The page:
Happy feet

. April 1, 2015.
KA-1

Thanks to Kay Anderson’s (far right) generosity, the students learn the art of tap dancing at no extra cost.

by Christine A. Holliday

It’s the sound of tap dancing that neighbors of Ella P. Stewart School are hearing on Friday afternoons. That’s when the girls, in all their clickety-clackety joy, get to learn simple tap steps from volunteer teacher Kay Anderson, a native Toledoan whose upbeat personality makes her the perfect instructor for a class with such energy.

Anderson is a volunteer tutor with the Kids Unlimited program, a local group that provides afterschool and summer activities for kids in underserved neighborhoods. Students at Ella F. Stewart School receive opportunities for academic help, character development and self-discipline, all without having to leave their own schools. Tapping the future

There are nearly 50 girls at Stewart, aged pre-kindergarten through 6th grade. Anderson searched local thrift stores and children’s resale shops, as well as online sites like eBay, to find 100 pairs of tap shoes. The future dancers find a pair that fit and lace up, ready to learn simple steps and a manageable routine for an end-of-the-year presentation. They are there to have fun, and dancing to music they like guarantees lots of smiles.

Anderson might be from Toledo, but she’s had plenty of fun outside her home town.  After graduating from Ohio University with a theater degree, she moved to New York City, took her knowledge of tap, jazz, and ballet with her, and waited on tables while she worked toward her big break. 

She had success as a waitress, but jumped at the opportunity to audition for the television soap opera One Life to Live. She earned a small part (only five lines), and made a friend in the casting director, who helped her to find acting jobs. Her short appearance was enough to earn her a Screen Actors Guild card, which enabled her to get small jobs in movies, seven of them filmed in New York.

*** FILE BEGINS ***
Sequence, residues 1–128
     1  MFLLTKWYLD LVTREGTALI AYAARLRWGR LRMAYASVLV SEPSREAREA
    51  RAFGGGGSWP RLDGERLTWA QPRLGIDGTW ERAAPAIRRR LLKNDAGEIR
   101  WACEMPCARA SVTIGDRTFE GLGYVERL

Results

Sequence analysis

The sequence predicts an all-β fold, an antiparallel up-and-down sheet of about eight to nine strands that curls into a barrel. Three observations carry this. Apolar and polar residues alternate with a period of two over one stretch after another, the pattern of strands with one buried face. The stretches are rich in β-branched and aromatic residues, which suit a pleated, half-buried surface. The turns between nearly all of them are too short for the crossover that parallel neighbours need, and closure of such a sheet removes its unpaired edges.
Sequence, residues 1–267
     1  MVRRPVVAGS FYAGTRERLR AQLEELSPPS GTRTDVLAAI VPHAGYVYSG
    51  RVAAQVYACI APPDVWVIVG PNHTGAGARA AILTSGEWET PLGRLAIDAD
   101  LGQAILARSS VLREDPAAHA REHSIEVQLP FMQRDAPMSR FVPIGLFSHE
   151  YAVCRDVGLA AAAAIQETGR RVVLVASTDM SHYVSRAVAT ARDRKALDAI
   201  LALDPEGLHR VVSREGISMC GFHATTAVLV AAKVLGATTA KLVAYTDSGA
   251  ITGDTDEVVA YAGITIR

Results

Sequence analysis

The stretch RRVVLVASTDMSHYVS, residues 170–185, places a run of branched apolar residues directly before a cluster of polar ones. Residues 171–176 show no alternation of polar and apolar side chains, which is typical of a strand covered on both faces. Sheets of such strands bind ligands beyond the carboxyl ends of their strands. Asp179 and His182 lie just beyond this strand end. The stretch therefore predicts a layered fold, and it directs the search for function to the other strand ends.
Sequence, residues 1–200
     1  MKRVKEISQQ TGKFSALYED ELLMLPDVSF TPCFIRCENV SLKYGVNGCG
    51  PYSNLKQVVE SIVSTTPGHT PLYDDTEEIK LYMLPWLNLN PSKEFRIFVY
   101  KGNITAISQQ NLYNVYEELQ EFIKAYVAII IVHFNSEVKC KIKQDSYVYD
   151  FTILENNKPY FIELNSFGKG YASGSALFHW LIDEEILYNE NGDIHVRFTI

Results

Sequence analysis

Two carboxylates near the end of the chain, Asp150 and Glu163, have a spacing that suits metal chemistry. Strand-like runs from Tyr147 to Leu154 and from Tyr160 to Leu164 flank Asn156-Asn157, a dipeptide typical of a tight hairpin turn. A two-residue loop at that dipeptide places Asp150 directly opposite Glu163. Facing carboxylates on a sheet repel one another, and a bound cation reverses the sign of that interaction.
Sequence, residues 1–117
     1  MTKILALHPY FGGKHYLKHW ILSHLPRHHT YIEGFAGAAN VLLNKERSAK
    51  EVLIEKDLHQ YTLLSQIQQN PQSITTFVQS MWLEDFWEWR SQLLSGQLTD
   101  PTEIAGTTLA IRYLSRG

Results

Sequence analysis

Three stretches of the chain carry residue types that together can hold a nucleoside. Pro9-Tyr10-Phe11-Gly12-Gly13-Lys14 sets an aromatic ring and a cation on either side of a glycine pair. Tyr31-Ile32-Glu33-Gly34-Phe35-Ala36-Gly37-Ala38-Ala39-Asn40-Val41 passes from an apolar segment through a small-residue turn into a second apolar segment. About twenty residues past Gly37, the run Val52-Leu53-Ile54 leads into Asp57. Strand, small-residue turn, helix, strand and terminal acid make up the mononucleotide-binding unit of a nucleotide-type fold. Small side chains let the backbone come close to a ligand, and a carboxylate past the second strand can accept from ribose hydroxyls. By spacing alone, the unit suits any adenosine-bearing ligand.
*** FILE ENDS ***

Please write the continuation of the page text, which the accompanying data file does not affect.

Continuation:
One of those films was The World According to Garp, which starred Robin Williams. Anderson has very fond memories of working with the late actor. “You hear people say this, and it is so true. Robin Williams was the sweetest, kindest man I ever met. I cried a lot when I heard he’d died. I really felt I’d lost a friend,” she recalled. 

Kindred spirits

Anderson moved to Texas to pursue other acting opportunities. At the same time, she picked up her almost-forgotten love of figure skating, and she competed on an adult level, skating against competitors aged mid-20s to 70s. “The audiences for our competitions would clap if we could get up after a fall. I loved it and gave some serious thought to joining a roller derby team, but I realized my hip replacements might interfere with my ability to handle all that falling and crashing,” she said, laughing. 

When she returned to Toledo 20 years ago, Anderson found a kindred dance spirit in the Manhattan Dance Company. She liked the exercise and the camaraderie, and was delighted when she got to return to New York with the group to appear in the 75th annual Macy’s Day parade. “We were there just weeks after 9/11. The city wasn’t in a celebratory mood, so we were especially glad to be part of something upbeat. People along the side of the streets kept saying to us, ‘We are so glad you came. Thank you for coming,’” she said.

Friends in Toledo encouraged Anderson to get involved with Kids Unlimited. “They kept telling me, ‘You are so full of energy that the kids will really respond to you. They need you.’ So l tried to think of something the kids could do onsite without any cost . . . I decided on tap dancing, and started looking everywhere for used tap shoes. Their feet grow so fast, so I wanted to have shoes of all sizes so any girl would be able to dance,” she said. 

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